She's been a young mother, a single mother, a drag racing & dating mother, a working mother, a mother of two, a second mother to many, a mother-in-law, a grandmother.

We've done a lot of things differently through the years - I never did drag race anyone... - but I have never doubted the influence of my mom's example as a brave & decent woman.

My mom taught me
family is important, even if they can be embarrassing and exasperating at times.
My mom taught me
we help people whenever & however we are able.
My mom taught me
quality is key, in work + play:
we mowed lawns like John Deere and colored like Van Gogh.
My mom taught me
it's best to let go of things sometimes.
But when I say 'things' I mean hurt feelings and bad memories, because...
My mom also taught me
garage sales & thrift stores are far more marvelous than the mall.
My mom taught me
napping is allowed.
My mom taught me
ice cream is a food group and we should eat it often.

And my mom taught me
if something is valuable to my child,
it should be valuable to me.
There is a difference between time spent
and time invested.

My mom is extraordinarily full of kindness. I'm proud of all that she has accomplished in her life with astonishing graciousness. She's even managed to stay devoted to the Seahawks despite 40 years of relentless Cowboys fanhood by her husband & first born. I'm actually beginning to think she has willed the switch in talent between the two teams...

I should say it more often but again, my mom is one sharp, capable woman so I think she knows how awesome I believe she is.

My mom (plus me)
July 1968



Saturday, April 23, 2016

in the presence of royalty


I have no idea how I got Prince's 1999 cassette, but I do know that it immediately became my favorite album. Favorite very secret album, playing directly only into my ears through the headphones of my knock-off Walkman whenever I strolled to the beach, mowed the lawn, or tried desperately to get a tan lying in my backyard. 

I felt subversive listening to it; for 1983 small town me the songs were unbelievably naughty. But for all its overt sexiness, Prince never made me feel uncomfortable [except when I thought about my parents hearing the lyrics]. So I knew then for sure that sex was supposed to be a good, fun thing [that I would never ever discuss with my parents]. A couple years later I spent my babysitting money on the Purple Rain LP and fell in love.


Riding the bus home Valentine's Day in 1985, I heard on the radio that they had added another Prince concert for the next night at the Tacoma Dome, and there were still tickets available. I bolted from my bus stop to the kitchen phone, frantically found the number for our local ticket shop/t-shirt printer and called. They said one of their employees might have a couple of tickets to sell, check back in 15 minutes. My heart was pounding - the possibility of seeing Prince was 15 minutes away. Fifteen minutes plus whatever the cost was, a desperate phone call to my mom asking not only for permission but for her to drive me and my best friend 2 1/2 hours each way on a school night, and my best friend's ability to come with me away. I don't think I have ever been so blindly optimistic again in my life.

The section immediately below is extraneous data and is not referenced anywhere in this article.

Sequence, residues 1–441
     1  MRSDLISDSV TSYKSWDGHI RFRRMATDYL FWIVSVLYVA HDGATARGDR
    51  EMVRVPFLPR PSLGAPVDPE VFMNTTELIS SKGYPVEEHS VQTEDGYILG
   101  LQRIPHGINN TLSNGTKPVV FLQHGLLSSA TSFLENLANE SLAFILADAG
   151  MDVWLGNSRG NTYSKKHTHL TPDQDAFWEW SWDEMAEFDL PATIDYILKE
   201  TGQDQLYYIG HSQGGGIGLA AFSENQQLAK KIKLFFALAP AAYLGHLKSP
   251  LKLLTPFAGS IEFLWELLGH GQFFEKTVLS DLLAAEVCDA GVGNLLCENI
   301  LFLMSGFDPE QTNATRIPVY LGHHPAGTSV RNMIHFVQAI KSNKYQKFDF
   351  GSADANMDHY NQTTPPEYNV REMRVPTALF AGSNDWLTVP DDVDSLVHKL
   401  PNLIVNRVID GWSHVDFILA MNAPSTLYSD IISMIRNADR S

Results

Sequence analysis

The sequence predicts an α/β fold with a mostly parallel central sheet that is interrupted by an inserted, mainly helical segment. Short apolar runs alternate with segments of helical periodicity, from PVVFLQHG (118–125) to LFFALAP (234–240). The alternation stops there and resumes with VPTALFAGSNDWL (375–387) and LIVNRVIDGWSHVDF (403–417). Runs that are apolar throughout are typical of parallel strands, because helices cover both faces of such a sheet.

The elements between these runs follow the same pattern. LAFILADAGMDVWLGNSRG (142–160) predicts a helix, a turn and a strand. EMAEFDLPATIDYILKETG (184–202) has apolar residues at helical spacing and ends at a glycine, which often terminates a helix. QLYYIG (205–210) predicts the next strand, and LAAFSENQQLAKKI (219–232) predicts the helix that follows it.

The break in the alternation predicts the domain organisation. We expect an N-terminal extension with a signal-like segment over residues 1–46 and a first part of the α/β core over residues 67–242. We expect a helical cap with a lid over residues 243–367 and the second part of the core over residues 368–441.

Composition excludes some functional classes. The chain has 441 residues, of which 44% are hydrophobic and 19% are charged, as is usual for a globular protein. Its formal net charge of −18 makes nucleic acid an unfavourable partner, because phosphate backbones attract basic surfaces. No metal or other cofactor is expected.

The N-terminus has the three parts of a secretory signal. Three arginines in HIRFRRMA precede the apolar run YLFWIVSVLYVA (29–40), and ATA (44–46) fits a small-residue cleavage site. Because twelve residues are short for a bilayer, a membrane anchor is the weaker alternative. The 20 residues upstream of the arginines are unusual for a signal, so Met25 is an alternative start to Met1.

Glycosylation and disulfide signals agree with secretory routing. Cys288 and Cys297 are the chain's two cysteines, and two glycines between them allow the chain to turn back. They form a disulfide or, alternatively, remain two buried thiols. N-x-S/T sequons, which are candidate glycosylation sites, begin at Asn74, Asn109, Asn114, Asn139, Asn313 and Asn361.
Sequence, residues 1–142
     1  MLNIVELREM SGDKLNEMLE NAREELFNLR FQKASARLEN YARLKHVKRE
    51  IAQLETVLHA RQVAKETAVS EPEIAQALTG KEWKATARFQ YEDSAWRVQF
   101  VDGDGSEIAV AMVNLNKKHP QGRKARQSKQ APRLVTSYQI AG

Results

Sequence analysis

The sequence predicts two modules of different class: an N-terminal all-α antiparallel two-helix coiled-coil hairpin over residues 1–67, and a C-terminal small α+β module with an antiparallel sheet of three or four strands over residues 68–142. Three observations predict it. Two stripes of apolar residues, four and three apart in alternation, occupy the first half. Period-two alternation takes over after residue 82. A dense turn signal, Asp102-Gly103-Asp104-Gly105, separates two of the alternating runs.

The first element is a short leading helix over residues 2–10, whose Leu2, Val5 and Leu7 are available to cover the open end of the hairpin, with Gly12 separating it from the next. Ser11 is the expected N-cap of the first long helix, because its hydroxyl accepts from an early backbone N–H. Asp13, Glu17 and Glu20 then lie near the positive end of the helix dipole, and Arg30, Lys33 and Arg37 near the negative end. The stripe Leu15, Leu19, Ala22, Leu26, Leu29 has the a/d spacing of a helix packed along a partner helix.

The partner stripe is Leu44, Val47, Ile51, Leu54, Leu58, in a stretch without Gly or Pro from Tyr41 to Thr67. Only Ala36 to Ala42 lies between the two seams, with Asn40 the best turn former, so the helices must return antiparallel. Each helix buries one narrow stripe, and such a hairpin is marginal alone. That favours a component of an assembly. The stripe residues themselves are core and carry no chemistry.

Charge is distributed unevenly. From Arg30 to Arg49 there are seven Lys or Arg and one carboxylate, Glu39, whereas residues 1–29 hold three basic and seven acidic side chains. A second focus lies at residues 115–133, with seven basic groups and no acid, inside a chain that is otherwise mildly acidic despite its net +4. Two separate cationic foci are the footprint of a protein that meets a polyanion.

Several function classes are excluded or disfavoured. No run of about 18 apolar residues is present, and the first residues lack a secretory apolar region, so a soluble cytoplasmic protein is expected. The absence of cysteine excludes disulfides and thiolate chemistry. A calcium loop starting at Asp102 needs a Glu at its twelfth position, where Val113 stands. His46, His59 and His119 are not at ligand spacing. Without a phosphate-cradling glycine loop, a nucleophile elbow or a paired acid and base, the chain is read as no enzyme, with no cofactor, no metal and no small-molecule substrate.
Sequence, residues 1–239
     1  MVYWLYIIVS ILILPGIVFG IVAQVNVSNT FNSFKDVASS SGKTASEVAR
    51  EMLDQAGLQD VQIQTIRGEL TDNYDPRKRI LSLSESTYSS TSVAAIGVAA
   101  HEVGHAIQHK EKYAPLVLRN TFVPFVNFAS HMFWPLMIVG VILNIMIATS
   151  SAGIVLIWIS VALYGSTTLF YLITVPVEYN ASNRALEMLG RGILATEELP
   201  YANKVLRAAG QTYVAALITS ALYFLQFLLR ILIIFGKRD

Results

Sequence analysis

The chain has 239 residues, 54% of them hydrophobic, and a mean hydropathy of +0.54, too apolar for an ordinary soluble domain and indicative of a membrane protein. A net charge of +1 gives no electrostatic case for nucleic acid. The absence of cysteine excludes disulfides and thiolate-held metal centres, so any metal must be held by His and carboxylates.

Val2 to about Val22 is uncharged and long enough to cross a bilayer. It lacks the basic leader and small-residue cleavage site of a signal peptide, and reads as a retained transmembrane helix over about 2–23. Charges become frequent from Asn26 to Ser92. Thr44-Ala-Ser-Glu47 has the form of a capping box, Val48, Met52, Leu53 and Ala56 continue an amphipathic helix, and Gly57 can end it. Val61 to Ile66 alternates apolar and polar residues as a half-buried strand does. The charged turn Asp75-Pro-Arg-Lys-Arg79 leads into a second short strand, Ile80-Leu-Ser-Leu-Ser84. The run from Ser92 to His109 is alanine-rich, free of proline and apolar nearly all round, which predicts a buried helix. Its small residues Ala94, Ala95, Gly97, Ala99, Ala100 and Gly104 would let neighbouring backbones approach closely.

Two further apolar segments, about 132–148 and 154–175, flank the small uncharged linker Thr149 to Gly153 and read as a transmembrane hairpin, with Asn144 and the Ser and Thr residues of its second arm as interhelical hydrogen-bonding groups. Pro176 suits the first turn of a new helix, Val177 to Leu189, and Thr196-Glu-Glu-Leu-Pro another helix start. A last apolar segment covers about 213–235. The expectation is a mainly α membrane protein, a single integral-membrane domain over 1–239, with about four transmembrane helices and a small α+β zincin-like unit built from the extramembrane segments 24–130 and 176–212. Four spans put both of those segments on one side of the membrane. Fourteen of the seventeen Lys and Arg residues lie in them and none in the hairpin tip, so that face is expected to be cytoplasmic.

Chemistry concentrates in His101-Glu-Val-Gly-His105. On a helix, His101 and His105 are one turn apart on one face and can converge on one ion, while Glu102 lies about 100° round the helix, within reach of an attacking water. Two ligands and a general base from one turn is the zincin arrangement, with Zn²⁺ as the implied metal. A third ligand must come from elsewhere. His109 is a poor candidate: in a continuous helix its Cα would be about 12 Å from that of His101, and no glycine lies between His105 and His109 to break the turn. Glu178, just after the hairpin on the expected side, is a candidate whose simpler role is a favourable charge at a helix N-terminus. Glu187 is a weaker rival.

The tickets were $25 each. They were front row. My parents said okay. My best friend's parents said okay. It was a miracle.

Regardless of our love for Prince, my bff and I were hardcore stereotypical teacher's pet-type girls. So naturally we wore our purple sweatshirts. Over purple polo shirts. With our Normandy Rose jeans and loafers. I am not making this up; I feel slightly embarrassed and very sweaty just remembering our outfits.

It didn't matter how out of place we looked (seriously, no one else was wearing a sweatshirt. Of course.) - WE WERE GOING TO SEE PRINCE FROM THE FRONT ROW. Sheila E opened like a goddess, tied an audience member to a chair and danced & drummed around him in her sheer bodysuit, then it was time. Purple smoke covered the stage and filled my unsuspecting, willing lungs. I have a memory of Prince crawling across the stage at some point but I'm not sure when that happened. He changed clothes a few times, and I'm pretty sure he was shirtless at one point. My stomach felt wiggly, my breathing shallow, and not just because I was on the verge of heat stroke. We were pushed against the barrier fencing for two hours and I thought many times I would lose one of my shoes (honestly, what was I thinking? Loafers.) but didn't really care. It was the best night of my 16-year old life.

For the past 31 years, I have felt like I actually know Prince because of that concert. I believe he made everyone in that arena feel like they knew him. Each time I saw Prince in an interview, on an awards show, with The Muppets, I believed we had a connection. 
Because he was miraculous

LinkWithin

Related Posts with Thumbnails